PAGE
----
The Battle over Bathroom Rights
Balancing the religious freedoms of employees with gender expressions in the workplace may be an impossible task for HR professionals, experts say.
By Carol Patton
While North Carolina is getting slammed on all sides regarding its House Bill 2 -- which not only overturned existing lesbian, gay, bisexual and transgender protections but now requires individuals in public facilities to use bathrooms that match the biologic sex identified on their birth certificate -- HR professionals nationwide are trying to figure out how to accommodate the needs of their own workforce.
Nationwide, more than 200 anti-LGBT bills have been proposed in various states, says Michelle Phillips, principal at Jackson Lewis law firm in White Plains, N.Y. While Mississippi also passed similar legislation, she says either the majority of states have repealed such bills, as Alabama has, or postponed them until the next legislative session.
Meanwhile, North Carolina is already feeling the wrath of employers and others who oppose the "bathroom law." PepsiCo, which has several facilities in North Carolina, asked the state to repeal it. PayPal cancelled its expansion plans, killing hundreds of potential jobs in the state. Likewise, prominent performers, including Bruce Springsteen, cancelled scheduled concerts and shows. Anticipating more boycotts, Pat McCrory, the state's Republican governor, amended his executive order in April. Phillips says N.C. state agencies can now provide single-occupancy restrooms, locker rooms or shower facilities upon employee request.
But many believe the governor's solution ignores the underlying problem -- LGBT discrimination. Last week, the Department of Justice sent McCrory a letter demanding that the state stop enforcement of the law, because it violates federal civil-rights protections, or risk losing billions in federal funding. But the governor dug in his heels, joking on a local radio show that he may soon be searching for a new job. On Monday, he sued the DOJ, challenging its opposing stance.
So far, only 19 states and the District of Columbia offer gender-identity protections, and 22 states and the District of Columbia provide sexual-orientation protections, says Phillips. Still, employers operating in any of the remaining states could be sued.
She points to two cases filed by the Equal Employment Opportunity Commission in 2014 -- in Florida and Michigan that both involve two employees transitioning from male to female -- who were fired for expressing their gender identity.
"The reality is that the EEOC will pursue or accept charges, conduct investigations and file lawsuits even if you're in a jurisdiction where there is no state protection," Phillips says.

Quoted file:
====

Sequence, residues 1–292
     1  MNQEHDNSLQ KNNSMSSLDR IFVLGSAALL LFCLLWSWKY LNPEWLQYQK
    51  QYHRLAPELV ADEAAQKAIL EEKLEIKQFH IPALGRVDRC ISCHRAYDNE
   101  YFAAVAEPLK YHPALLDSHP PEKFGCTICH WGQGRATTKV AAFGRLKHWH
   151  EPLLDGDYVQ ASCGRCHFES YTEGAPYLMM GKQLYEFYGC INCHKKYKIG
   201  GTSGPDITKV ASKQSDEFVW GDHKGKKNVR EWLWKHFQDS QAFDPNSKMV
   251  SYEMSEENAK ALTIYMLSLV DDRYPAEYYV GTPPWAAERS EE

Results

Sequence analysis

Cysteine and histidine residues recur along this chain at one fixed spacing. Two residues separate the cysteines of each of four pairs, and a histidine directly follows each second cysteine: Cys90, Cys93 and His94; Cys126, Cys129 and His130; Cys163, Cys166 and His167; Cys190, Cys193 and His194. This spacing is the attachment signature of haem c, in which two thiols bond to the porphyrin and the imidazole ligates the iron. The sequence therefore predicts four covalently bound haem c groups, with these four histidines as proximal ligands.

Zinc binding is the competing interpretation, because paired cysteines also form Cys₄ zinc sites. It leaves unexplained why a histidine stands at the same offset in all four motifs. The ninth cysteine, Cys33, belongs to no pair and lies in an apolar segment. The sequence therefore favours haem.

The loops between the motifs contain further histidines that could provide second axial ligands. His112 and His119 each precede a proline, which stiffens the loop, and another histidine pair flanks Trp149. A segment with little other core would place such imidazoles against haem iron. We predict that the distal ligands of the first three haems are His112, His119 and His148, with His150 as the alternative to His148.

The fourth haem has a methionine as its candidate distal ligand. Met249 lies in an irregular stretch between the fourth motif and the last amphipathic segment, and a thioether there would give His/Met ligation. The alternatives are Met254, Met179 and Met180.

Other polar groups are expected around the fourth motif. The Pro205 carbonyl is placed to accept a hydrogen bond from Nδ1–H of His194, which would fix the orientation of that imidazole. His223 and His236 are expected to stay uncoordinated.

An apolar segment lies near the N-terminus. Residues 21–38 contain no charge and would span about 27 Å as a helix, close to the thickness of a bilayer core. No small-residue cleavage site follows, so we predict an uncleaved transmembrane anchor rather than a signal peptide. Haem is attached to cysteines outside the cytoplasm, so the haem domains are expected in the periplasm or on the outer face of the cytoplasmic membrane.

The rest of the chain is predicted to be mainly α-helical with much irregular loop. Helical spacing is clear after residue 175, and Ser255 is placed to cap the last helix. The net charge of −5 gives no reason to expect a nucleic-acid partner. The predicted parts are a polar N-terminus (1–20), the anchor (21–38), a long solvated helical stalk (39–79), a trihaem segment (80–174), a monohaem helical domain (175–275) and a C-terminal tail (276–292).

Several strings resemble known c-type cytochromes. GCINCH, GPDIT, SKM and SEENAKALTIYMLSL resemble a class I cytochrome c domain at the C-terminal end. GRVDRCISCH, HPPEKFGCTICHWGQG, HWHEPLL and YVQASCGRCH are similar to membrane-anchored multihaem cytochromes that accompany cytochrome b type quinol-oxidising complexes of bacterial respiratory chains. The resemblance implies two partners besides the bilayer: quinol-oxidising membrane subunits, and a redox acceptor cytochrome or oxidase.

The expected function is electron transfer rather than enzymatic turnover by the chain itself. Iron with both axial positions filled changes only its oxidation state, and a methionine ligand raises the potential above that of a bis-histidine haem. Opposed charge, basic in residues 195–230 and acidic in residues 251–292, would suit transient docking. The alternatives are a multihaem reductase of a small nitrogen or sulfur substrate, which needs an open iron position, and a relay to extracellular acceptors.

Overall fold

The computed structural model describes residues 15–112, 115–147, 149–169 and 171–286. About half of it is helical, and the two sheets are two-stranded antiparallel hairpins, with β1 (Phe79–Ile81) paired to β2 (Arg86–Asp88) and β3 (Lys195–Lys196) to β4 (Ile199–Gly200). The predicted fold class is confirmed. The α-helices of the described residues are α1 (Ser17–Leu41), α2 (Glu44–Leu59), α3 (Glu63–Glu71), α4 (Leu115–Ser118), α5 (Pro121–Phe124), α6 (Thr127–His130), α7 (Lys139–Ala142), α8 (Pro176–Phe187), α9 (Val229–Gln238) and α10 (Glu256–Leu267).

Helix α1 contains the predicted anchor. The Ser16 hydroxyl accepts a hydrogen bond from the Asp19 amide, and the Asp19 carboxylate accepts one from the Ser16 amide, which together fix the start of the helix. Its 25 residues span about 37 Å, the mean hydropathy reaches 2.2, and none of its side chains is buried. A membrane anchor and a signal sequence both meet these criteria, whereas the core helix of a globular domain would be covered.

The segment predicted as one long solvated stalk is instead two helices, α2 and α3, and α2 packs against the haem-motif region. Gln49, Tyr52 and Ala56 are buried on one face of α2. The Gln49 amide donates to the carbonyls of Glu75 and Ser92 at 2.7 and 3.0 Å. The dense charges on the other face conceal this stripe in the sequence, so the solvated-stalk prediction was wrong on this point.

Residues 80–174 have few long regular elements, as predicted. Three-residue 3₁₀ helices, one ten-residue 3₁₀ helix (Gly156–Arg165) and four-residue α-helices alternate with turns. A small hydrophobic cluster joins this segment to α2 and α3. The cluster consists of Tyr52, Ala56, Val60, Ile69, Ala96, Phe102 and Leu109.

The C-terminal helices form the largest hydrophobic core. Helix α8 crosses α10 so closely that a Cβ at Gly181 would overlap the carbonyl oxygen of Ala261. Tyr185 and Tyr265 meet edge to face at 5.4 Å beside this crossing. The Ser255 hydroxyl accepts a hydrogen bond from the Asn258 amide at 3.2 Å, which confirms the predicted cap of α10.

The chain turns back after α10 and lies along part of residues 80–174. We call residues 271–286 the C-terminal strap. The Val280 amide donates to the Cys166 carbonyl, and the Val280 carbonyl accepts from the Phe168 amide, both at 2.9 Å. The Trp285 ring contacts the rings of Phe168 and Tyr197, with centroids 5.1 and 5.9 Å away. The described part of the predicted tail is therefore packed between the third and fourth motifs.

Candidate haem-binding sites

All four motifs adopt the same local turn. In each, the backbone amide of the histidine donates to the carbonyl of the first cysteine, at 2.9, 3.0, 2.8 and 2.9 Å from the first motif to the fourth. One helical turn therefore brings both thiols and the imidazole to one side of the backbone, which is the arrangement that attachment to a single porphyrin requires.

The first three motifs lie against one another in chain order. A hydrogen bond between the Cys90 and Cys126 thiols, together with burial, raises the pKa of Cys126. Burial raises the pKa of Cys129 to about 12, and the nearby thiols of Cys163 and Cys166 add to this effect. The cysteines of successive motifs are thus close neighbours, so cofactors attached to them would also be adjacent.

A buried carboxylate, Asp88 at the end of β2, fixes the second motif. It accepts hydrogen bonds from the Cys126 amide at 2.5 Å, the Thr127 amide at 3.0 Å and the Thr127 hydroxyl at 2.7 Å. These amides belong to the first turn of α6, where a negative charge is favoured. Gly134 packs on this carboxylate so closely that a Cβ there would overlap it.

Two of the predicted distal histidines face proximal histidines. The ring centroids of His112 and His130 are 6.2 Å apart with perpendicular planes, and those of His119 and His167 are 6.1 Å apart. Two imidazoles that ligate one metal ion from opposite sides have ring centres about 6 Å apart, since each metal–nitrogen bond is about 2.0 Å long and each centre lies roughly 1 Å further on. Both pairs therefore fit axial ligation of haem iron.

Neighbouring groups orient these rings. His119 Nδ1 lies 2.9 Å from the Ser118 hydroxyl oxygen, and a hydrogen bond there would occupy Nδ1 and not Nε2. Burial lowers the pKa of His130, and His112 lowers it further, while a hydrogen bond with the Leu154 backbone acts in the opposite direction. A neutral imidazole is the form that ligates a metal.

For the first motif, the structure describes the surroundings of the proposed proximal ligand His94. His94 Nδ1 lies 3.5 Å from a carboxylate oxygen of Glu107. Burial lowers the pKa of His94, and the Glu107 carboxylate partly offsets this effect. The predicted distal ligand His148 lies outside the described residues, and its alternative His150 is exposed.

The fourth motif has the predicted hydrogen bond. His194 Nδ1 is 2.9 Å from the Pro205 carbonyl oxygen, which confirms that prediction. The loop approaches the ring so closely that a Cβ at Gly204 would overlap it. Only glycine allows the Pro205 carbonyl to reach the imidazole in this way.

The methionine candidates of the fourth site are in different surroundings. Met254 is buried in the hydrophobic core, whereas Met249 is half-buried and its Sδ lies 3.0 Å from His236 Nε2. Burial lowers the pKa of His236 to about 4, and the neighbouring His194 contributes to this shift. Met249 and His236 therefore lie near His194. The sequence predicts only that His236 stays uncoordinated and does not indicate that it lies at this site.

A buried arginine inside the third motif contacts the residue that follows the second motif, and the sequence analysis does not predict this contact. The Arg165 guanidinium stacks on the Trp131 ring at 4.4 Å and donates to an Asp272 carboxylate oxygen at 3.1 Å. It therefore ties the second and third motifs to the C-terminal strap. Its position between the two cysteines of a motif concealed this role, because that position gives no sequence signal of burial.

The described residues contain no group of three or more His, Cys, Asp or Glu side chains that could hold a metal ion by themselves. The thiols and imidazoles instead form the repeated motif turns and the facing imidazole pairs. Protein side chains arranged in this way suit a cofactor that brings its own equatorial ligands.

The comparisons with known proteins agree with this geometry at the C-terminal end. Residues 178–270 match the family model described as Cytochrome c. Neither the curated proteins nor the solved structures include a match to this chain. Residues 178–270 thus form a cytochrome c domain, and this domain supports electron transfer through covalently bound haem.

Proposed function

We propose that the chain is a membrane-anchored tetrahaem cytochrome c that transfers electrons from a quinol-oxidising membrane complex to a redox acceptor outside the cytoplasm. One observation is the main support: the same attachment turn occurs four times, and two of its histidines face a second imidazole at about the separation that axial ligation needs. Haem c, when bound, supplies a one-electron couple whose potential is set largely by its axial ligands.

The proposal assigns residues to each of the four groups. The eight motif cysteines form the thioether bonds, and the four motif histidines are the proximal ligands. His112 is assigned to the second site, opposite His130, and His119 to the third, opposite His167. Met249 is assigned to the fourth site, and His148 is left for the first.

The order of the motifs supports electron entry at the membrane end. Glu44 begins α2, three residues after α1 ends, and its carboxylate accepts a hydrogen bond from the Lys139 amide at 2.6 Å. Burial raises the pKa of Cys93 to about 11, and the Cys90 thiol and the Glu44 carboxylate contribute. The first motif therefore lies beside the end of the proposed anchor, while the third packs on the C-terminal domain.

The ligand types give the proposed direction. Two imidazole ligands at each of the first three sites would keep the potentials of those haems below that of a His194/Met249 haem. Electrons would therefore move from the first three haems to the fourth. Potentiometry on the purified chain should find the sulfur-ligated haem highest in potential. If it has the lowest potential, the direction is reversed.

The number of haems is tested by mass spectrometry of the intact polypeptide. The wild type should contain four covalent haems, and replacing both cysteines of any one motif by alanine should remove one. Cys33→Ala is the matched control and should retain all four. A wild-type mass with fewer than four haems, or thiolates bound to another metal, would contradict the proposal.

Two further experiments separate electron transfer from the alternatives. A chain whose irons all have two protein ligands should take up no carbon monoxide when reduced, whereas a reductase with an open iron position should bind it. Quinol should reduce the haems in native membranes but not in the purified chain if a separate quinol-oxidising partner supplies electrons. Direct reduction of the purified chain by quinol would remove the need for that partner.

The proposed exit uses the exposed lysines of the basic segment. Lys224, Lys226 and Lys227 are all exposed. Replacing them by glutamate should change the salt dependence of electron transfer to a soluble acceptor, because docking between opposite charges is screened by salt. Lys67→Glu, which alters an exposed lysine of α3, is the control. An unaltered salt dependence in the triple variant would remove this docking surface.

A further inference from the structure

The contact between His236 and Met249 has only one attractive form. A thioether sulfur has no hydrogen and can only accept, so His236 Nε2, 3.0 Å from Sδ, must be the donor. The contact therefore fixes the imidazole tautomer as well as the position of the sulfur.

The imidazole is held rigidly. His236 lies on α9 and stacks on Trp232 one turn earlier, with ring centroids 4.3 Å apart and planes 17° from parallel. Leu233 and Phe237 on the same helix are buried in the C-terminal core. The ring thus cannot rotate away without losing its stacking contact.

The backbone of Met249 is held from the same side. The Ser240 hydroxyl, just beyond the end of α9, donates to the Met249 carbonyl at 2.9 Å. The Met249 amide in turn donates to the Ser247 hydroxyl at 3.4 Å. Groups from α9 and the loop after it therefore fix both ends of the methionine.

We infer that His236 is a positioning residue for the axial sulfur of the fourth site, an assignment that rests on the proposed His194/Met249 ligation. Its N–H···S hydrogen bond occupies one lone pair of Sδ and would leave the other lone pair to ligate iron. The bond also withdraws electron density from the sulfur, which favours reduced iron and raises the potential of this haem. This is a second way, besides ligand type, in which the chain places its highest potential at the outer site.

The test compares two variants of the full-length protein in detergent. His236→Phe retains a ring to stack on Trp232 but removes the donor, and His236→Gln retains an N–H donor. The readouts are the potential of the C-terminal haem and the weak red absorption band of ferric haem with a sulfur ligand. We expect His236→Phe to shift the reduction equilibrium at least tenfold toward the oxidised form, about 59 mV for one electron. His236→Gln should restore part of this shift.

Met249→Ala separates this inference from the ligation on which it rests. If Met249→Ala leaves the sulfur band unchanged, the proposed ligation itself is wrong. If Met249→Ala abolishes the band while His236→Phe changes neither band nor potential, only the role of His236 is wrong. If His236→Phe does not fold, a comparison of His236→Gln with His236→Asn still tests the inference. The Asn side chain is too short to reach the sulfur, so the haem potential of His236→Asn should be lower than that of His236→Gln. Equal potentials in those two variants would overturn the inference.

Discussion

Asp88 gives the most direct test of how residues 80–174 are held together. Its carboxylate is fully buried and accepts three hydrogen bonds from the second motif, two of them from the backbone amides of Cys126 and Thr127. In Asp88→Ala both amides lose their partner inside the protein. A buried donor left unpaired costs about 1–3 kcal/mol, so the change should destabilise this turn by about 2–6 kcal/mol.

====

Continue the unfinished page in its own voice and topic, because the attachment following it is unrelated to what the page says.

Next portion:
Among employees' top concerns about sharing bathrooms with transgender coworkers is an unwarranted fear for their safety, says Phillips, who routinely trains and counsels employers on this topic. They're concerned that a transgender female or a heterosexual male posing as a female will inappropriately touch them.
She recalls one HR professional who vowed to quit rather than work with transgender staff and a manager who planned on driving home to use his bathroom to avoid sharing one with transgender employees.
For many HR professionals, balancing the religious freedoms of employees with gender expressions in the workplace appears to be an impossible task.
"[T]hey're concerned that they won't say the right thing, offend someone or not [properly] deal with staff complaints," Phillips says. "Don't panic. If you treat it like any other accommodation issue, the answers will become clear."
Still, there are no easy fixes, says Laura MacLeod, founder of From the Inside Out Project, a national employee-relations consulting firm in New York.
Part of the solution requires HR to listen to employee objections versus dismissing them as silly or ridiculous.
"Empathize with people about their religious views and fears," MacLeod says. "Hear it, respond to it, pick it apart, offer facts and history -- someone coming in and inappropriately touching [another employee] has never happened."
Whenever possible, HR should converse with employees on a personal level. HR's goal, MacLeod says, is to help employees adapt to a diverse workforce and manage conflicting viewpoints. Otherwise, she says, they may feel isolated and become resentful and defensive.
Invasion of privacy is yet another sticky issue. Other than building unisex bathrooms, employers can install longer stall doors in bathrooms and cover the cracks between stall walls and doors to enhance privacy, says Stacy Hickox, an attorney and associate professor in the school of HR and labor relations at Michigan State University.
Also consider asking employees who are transitioning for ideas. They may offer a solution that makes everyone feel comfortable, she says, such as they will only use the unisex bathroom.
Overall, she says, HR should focus on employee education and tolerance. Since many employee concerns are based on a lack of understanding and stereotypes, Hickox suggests addressing transgender issues in diversity-training programs.
"Just like any diversity training, talk about perceptions versus reality," she says. "Bring [external] people in who are transgender. They can offer more of a reality than [one] based on fears."
But for employees who won't budge, she says, HR professionals need to stand firm, telling those who refuse to tolerate or work with transgender individuals that they may need to look for work elshwhere.
"Employers need to remain true to what they believe . . . and what their organization stands for," says Hickox. "If that's tolerance and welcoming diversity, they need to stick with that."
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